Jun 152016

The Wellness Center is offering counseling sessions for anyone who wants a safe space in which to talk about the Orlando shootings. They’ve also included a list of hotlines and resources that may be of help. See below for more information.

Additionally, there is a therapist in Brooklyn, Maria-Christina S Bichay, offering free counseling sessions for the same purpose. You can contact her here: or at mcbichaytherapy(at)gmail(dot)com.

The Graduate Center’s Student Counseling Service at the Wellness Center joins with the rest of the nation in mourning following this past weekend’s mass shooting at the Pulse nightclub in Orlando, Florida.  We reject acts of hatred in all  forms and reaffirm our support and commitment to our LGBTQ, Latino/a and Muslim communities.

Directly or indirectly, many members of the college community will be affected by this unimaginable tragedy, and for those who need a safe space to talk, The Graduate Center’s Student Counseling Service at the Wellness Center will have appointments available for confidential and supportive counseling sessions. The Wellness Center is located in Room 6422 and can be contacted at 212-817-7020. You can also find information and request services on our website: http://www.cuny.is/wellnesscenter.

Here are some resources that may be of help:

American Psychological Association – Managing your distress in the wake of mass shooting:


American Psychological Association- How to talk to children about difficult news and tragedies:


SAMHSA – Incidents on Mass Violence:


Parents and Friends of Lesbians and Gays:


There are also numerous hotlines you can call anonymously to talk through confused and difficult feelings:


NYC GLBT hotline: 212-989-0999

National GLBT hotline: 1-888-843-4564help@GLBThotline.org

The Lesbian, Gay, Bisexual, & Transgender Community Center, 208 W. 13th St., New York, NY 10011. 212-620-7310

Audre Lorde Project (Brooklyn), 85 South Oxford St., Brooklyn, NY 11217. 718-596-0342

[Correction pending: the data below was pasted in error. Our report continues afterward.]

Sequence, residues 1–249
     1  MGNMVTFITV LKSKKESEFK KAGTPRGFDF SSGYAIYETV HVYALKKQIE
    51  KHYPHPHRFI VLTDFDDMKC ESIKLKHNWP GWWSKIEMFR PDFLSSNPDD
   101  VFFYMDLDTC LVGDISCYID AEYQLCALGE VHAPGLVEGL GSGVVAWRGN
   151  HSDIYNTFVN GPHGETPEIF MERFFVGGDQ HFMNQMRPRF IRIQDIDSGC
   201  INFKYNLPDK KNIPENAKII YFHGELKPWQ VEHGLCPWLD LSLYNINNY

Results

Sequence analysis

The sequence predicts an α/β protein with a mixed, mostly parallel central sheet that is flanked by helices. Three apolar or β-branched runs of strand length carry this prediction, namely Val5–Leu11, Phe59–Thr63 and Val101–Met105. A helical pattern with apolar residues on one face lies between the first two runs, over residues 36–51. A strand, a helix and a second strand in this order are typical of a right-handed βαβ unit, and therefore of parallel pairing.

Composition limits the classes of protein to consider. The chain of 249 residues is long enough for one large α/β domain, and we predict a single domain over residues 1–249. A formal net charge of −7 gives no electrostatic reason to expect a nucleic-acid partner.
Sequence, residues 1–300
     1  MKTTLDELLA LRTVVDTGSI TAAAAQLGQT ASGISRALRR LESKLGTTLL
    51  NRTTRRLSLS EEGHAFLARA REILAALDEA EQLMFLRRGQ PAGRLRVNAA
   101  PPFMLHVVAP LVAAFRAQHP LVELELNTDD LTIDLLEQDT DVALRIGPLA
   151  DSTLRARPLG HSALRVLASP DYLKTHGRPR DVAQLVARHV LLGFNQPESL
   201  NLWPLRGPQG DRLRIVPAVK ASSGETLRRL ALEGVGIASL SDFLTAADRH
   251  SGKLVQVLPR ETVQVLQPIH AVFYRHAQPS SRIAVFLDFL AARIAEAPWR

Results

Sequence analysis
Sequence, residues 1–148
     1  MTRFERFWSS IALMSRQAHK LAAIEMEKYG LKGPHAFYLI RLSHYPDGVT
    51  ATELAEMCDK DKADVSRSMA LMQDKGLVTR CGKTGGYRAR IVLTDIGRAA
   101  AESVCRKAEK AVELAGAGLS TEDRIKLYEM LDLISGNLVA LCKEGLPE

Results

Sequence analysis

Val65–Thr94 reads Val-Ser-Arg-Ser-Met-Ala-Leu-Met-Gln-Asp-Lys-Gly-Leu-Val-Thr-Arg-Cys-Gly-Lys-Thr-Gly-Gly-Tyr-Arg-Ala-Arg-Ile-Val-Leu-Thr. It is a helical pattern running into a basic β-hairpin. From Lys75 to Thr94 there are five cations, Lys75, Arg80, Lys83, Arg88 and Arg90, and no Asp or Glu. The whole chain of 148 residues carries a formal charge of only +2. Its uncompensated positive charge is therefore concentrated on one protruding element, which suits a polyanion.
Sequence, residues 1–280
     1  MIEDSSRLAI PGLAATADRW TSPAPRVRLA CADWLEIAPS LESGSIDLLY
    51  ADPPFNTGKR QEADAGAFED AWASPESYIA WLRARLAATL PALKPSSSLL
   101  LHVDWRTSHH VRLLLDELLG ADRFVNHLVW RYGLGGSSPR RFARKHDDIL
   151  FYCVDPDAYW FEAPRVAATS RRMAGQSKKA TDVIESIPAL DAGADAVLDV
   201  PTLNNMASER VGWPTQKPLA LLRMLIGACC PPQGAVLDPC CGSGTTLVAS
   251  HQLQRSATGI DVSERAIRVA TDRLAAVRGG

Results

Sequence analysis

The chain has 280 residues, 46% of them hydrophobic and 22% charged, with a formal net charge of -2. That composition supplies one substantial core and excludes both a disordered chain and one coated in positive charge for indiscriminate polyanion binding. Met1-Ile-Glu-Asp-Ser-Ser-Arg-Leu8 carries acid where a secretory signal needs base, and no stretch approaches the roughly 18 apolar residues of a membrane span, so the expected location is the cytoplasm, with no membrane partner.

Audre Lorde Project (Manhattan), 147 W. 24th St., 3rd Floor, New York, NY 10011. 212-463-0342. 212-463-0344

Brooklyn Community Pride Center, 4 MetroTech, Brooklyn, NY 11201. 347-889-7719

Queens Pride House, 76-11 37th Ave., Suite 206, Jackson Heights, NY 11372. 718-429.5309

Staten Island LGBT Center, 25 Victory Blvd., 3rd Floor, Staten Island, NY 10301. 718-808-1360

Rainbow Heights Club, 25 Flatbush Ave., 4th Floor, Brooklyn, NY 11217. 718-852-2584


Arielle Shanok, PhD

Deputy Director

For Student Counseling Services

Wellness Center

Graduate Center, City University of New York


Apr 292016

You’re not alone. Submit your mental health narrative at the link below.
Mental Health Narratives Google form
These mental health narratives can be about your experiences with mental illness, with getting help for mental illness, and/or with dealing with insurance for mental health and substance abuse issues; they can be about positive experiences of receiving the mental healthcare you needed as well as the negative effects of not having access to mental healthcare.

The DSC Health and Wellness Committee hopes to share these stories on a website and possibly on some digital signs about what psychological/mental health issues we as students face at the GC in an effort to reduce stigma surrounding mental illness; they can also help us to communicate to GC/CUNY admins the resources and support we need as a community. Please let us know if you would not like your stories shared on a website or digital sign.

For more information: https://opencuny.org/healthdsc/theres-an-awful-cost-to-getting-a-phd-that-no-one-talks-about-so-lets-talk-about-it/

Dec 082015

Tip from a student on NYSHIP!:

Starting October 1st, there was a change in the billing codes providers have to use when they note a diagnosis to the insurance company; WHO has updated from the 9th edition of the International Statistical Classification of Diseases and Related Health Problems (ICD-9) to the 10th edition (ICD-10). For example, if you were diagnosed with ADHD, predominantly inattentive type,  the code for it under ICD-9 would be 314.00; however, under ICD-10, the code would be F90.0, and that’s the billing code your provider would now use with insurance companies.